Crochet earns 1st All-Star selection after dominant start

July 7th, 2024

MIAMI -- From reliever to starter to All-Star.

In just the past year, that’s the path has traveled, culminating with the White Sox ace earning his first All-Star selection as announced on Sunday. The journey included a first-round selection in the 2020 MLB Draft out of the University of Tennessee, an arrival in the Majors just two months later, then Tommy John surgery in ‘22 and the ensuing recovery process.

Crochet’s transition to the rotation has been exceptionally exceptional, considering it began with the 25-year-old’s initial push to move into the starter’s role despite having thrown 73 innings in his three-year MLB career. It was his commitment, along with trust in his high-end stuff, that made Crochet one of the game’s top starters in the first half.

“I know it’s been said a lot, but going back to Spring Training, thinking I was going to start the year in [Triple-A] Charlotte and building up my innings, to knowing I made the rotation to knowing it was going to be Opening Day,” said Crochet following his team’s 7-4 loss to the Marlins on Sunday. “You know, having it culminate in being an All-Star is a really cool feeling.”

“He worked extremely hard this offseason,” White Sox pitching coach Ethan Katz said. “Obviously open-minded to everything coming into it. My biggest thing was being mindful about his workload. Going into it, he wanted to do a lot very early. And just kind of taming the beast a little bit.”

Crochet leads the Majors with 146 strikeouts, just ahead of the Dodgers’ Tyler Glasnow (143), who is also an All-Star. Crochet has a 6-6 record for a team sitting 40 games under .500, along with a 3.08 ERA and just 23 walks over what is easily a career-high 105 1/3 innings pitched.

Since April 24, when Crochet’s ERA sat at 6.37, he has a 5-2 record with a 1.78 ERA and a 1.77 FIP. Crochet has 106 strikeouts against 15 walks over 75 2/3 innings across his 13 starts in that time.

Manager Pedro Grifol read off these numbers and many more upon announcing Crochet’s All-Star selection in the clubhouse Sunday.

“What I said was, in an industry where everyone thought he was a reliever, he thought he was a starter,” Grifol said. “Now he’s probably one of the top five starters in the game -- and not only is he a starter, he’s an All-Star.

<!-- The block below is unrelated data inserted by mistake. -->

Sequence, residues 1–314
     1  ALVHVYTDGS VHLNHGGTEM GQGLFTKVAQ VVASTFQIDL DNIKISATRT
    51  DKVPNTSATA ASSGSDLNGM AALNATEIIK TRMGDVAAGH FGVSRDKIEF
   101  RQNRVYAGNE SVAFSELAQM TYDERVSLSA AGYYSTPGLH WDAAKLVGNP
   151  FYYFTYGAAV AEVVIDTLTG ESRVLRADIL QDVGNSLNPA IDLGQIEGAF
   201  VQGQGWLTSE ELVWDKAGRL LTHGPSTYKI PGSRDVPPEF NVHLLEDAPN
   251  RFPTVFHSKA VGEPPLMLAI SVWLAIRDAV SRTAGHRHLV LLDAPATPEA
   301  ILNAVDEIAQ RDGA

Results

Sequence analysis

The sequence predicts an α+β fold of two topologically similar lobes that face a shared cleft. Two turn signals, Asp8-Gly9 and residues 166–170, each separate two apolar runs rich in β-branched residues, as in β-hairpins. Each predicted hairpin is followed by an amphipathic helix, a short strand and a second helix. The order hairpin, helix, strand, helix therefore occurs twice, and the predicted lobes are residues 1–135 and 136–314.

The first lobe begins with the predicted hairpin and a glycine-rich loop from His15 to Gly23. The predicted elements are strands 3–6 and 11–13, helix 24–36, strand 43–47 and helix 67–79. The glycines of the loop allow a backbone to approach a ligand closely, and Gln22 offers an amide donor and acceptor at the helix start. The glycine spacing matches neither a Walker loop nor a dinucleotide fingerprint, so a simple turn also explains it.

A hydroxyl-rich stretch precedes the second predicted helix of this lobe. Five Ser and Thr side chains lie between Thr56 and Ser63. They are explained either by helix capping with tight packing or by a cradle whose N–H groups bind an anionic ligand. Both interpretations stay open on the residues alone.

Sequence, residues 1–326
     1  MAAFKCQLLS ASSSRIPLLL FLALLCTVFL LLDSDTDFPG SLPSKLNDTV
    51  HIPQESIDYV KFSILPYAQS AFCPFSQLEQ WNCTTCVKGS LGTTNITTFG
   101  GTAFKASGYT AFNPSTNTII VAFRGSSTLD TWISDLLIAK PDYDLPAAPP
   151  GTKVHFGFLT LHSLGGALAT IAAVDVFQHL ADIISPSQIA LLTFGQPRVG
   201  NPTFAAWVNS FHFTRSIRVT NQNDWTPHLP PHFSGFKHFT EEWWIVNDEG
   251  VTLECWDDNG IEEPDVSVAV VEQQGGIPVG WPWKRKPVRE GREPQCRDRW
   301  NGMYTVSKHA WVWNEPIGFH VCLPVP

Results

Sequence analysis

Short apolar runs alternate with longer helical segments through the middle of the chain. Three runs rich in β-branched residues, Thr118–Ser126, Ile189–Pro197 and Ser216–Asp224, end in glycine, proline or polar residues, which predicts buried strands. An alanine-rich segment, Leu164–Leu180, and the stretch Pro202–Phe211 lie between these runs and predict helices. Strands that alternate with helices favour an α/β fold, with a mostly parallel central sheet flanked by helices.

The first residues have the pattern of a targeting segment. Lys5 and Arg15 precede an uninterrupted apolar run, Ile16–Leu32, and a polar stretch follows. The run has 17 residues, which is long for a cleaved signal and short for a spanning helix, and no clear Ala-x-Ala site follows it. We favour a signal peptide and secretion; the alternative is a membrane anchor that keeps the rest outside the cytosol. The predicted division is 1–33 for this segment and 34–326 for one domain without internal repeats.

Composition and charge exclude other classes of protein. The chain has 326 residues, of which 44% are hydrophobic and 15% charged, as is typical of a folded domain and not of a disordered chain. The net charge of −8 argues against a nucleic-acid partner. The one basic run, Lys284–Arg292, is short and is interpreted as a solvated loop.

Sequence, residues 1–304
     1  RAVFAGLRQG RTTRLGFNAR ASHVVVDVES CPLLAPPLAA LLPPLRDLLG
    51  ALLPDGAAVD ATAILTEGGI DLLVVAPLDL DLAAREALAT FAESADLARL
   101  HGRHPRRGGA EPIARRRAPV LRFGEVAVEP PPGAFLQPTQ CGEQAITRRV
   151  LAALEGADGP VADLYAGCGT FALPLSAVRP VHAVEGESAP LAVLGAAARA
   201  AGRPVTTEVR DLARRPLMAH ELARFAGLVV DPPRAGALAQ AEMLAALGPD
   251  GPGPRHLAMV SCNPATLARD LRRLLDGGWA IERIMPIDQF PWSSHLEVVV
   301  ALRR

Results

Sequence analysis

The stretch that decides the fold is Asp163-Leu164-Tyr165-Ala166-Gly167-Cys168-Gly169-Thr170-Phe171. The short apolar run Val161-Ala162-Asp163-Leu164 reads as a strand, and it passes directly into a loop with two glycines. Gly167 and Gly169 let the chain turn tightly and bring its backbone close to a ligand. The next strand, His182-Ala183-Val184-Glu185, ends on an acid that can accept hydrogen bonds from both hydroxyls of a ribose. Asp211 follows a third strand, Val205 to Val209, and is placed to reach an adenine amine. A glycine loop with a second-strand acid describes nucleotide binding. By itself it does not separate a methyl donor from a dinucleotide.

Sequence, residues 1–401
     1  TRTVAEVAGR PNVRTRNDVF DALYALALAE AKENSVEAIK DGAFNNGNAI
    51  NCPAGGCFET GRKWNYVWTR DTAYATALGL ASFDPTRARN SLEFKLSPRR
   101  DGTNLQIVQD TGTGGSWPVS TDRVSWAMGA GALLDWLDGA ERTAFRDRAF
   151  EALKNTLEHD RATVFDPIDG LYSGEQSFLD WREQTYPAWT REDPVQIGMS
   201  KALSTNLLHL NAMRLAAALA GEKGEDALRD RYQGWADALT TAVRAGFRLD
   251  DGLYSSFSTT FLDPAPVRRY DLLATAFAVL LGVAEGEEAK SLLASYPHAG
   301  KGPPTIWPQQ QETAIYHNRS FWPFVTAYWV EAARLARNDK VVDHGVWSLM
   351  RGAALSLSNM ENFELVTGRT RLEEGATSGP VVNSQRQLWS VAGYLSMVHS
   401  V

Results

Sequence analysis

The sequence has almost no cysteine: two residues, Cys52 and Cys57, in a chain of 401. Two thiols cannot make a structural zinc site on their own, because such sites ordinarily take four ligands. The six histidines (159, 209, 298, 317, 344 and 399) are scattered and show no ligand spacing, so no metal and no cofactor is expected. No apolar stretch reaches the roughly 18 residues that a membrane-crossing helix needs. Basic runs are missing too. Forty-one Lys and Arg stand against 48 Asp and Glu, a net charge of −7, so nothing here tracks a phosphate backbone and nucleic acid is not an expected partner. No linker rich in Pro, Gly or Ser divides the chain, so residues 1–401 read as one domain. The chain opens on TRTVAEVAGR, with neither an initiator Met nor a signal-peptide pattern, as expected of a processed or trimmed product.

“Credit goes to him, our pitching guys and everybody that’s been a part of him getting to this point. I’m really proud of him.”

Crochet has thrown 937 four-seam fastballs, averaging 97 mph according to Statcast. He also has thrown 457 cutters, and while he mixes in a devastating slider and changeup as well, his trust in those fastballs has made him overpowering.

Let’s not forget his development as a leader.

“It’s something that happens naturally. It’s not anything I think about,” Crochet said. “I try to lead these guys the best I can. We are all human and we all make mistakes. To be honest, we all lean on [Erick] Fedde and [Chris] Flexen a lot for that. Those guys have been around professional baseball a lot longer than we have.”

“There’s a lot of leadership qualities that he’s displaying right now,” Katz said. “He’s realized how good he is, which at this level takes some time. It’s kind of infectious to everybody else. They are kind of seeing how he’s going about his business.”

Maintaining that level of excellence is far from an afterthought for Crochet, when factoring in the jump from 12 2/3 innings in 2023 to his current elevated total and whatever his final total is in ‘24.

“He probably has it harder than every starter in the big leagues, in the sense of with his workload, his day to day, every single day even when he’s not pitching, how he has to take care of his body,” Katz said. “Being diligent to be able to recover. All these things.

“We were in Detroit and he was sitting in the sun, and we were pulling him underneath, ‘You can’t sit here.’ Little things like that, to make sure that he’s taking care of his body as much as he can, and he’s doing everything really well.”

The White Sox are ensuring Crochet’s availability to pitch in Texas on July 16. A smiling Crochet said he isn’t worried about the results.

“I could give up five homers and I don’t really care,” Crochet said. “It is what it is. Just excited to put the jersey on and kind of go through all the festivities.”